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Your wool underwear:

Are they really just wool?

The biodegradability of wool gets questioned more and more often. The reason for this is how the wool is treated and processed during it's journey from the sheep's back to the clothes on your body. To avoid shrinking when washed, the wool must be given a treatment. The most common treatment involves covering the wool in a thin layer of plastic. This treatment is often called superwash.

Your wool underwear:

Are they really just wool?

The biodegradability of wool gets questioned more and more often. The reason for this is how the wool is treated and processed during it's journey from the sheep's back to the clothes on your body. To avoid shrinking when washed, the wool must be given a treatment. The most common treatment involves covering the wool in a thin layer of plastic. This treatment is often called superwash.

SUPERWASH

Superwash is a treatment where the wool is basically coated in plastic, so that the fibers shrink less when washed. This has been considered a positive thing for a long time, a sign of quality. Today we know that microplastic (and in this case nanoplastic) is a big threat to the planet's vulnerable ecosystems. Research on superwash-treated wool and the damages it casues the environment are still at an early stage, but everything indicates that the microplastic that goes down the drain has a negative effect on marine life.

Superwash is just one of the problems when it comes to treating wool. In the process of dyeing and washing the wool, manufacturers can either choose cheap, environmentally harmful chemicals, or the opposite. 

Besides the environmental aspects of these treatments, there is also reason to question how the wool's natural characteristics change when treated. Smell and isolation ability are often mentioned as downsides to treated wool. 

What can you do?
For the most part, it's hard to find out how your wool is treated (with untreated wool being the exception). So, 1. ask about this when you buy wool. Not just wool underwear, but all wool products. Use your power as a consumer to show that this is important to you. 2. Choose products that are untreated or organic. 3.Learn more and become a modern consumer with knowledge about the products you use!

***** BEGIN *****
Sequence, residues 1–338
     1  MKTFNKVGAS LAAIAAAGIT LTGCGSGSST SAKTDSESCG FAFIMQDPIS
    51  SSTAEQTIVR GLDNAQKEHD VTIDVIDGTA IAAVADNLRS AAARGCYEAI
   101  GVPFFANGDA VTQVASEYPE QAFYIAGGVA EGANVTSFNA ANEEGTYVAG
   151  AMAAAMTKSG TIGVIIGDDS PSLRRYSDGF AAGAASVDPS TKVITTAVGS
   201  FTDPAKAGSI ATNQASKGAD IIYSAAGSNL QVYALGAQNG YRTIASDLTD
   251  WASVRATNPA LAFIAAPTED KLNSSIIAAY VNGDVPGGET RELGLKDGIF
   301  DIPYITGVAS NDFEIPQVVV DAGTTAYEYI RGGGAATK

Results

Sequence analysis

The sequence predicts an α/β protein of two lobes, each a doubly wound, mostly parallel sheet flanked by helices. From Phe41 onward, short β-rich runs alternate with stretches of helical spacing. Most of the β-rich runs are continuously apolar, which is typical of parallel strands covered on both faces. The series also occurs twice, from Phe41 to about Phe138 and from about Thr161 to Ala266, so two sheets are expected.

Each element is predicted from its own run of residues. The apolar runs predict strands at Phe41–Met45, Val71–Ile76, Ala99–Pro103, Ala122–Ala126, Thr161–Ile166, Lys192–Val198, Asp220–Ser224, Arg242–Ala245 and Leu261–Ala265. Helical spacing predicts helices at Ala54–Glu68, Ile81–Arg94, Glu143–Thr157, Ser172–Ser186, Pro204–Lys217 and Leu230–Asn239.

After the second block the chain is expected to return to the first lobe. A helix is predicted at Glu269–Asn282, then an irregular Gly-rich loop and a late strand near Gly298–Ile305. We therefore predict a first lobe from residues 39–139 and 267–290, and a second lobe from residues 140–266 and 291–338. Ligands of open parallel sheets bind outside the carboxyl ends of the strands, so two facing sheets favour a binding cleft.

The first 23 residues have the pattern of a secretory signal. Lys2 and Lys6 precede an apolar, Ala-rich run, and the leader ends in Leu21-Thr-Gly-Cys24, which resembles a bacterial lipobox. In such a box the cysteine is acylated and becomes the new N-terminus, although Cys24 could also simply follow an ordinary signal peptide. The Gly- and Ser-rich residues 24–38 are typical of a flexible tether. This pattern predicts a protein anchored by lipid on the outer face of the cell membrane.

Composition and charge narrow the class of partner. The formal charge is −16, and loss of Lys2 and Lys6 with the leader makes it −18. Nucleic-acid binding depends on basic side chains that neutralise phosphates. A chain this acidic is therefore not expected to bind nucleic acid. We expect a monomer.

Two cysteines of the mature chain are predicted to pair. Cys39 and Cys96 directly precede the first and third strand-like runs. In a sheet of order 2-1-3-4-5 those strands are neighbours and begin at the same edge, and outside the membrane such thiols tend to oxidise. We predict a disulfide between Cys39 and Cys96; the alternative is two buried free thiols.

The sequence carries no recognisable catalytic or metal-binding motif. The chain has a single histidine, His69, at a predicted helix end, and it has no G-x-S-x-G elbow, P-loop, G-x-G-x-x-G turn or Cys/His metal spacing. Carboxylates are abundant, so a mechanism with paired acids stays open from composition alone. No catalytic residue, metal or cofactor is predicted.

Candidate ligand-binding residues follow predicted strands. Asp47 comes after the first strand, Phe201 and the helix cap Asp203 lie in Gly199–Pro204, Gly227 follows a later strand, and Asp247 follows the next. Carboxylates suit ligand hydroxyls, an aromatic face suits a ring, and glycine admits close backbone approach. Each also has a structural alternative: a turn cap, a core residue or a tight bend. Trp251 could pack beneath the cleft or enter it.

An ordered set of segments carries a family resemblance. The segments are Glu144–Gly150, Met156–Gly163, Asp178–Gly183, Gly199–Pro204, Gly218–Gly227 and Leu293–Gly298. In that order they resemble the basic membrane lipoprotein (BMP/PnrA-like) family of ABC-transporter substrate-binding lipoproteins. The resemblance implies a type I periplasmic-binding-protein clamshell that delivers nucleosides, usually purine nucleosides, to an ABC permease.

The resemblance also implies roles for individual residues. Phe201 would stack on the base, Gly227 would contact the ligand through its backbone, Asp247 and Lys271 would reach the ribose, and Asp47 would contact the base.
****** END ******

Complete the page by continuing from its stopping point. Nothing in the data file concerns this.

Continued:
We know that this just makes it even more complicated to buy the "right" products. The good news is that we see that the industry improves when they see that consumers care.

Superwash is a treatment where the wool fiber is basically coated in plastic, so that the fibers shrink less when washed. This has been considered a positive thing for a long time, a sign of quality. Today we know that microplastic (and in this case nanoplastic) is a big threat to the planet's vulnerable ecosystems. Research on superwash-treated wool and damages it casues to the environment are still at an early stage, but everything indicates that the microplastic that goes down the drain has a negative effect on marine life.

Superwash is just one of the problems when it comes to treating wool. In the process of dyeing and washing the wool, manufacturers can either choose cheap, environmentally harmful chemicals, or the opposite.

Besides the environmental aspects of these treatments, there is also reason to question how the wool's natural characteristics change when treated. Smell and isolation ability are often mentioned as downsides to treated wool. 

What can you do?
For the most part, it's hard to find out how your wool is treated (with untreated wool being the exception). So, 1. ask about this when you buy wool. Not just wool underwear, but all wool products. Use your power as a consumer to show that this is important to you. 2. Choose products that are untreated or organic. 3.Learn more and become a modern consumer with knowledge about the products you use!

We know that this just makes it even more complicated to buy the "right" products. The good news is that we see that the industry improves when they see that consumers care.

What does Northern Playgroud do?

Luckily, there are alternative treatments for wool. In Northern Playground's Organic Collection, the wool is treated with Naturetexx Plasma. This is a process where air and elctiricity are used to achieve the same anti-shrink effect. It's a more expensive treatment, but the final result is that the wool acually is a complete product of nature, as well as the treatment process needing less energy. The German company Südwolle is behind the technology for this process.
Read more here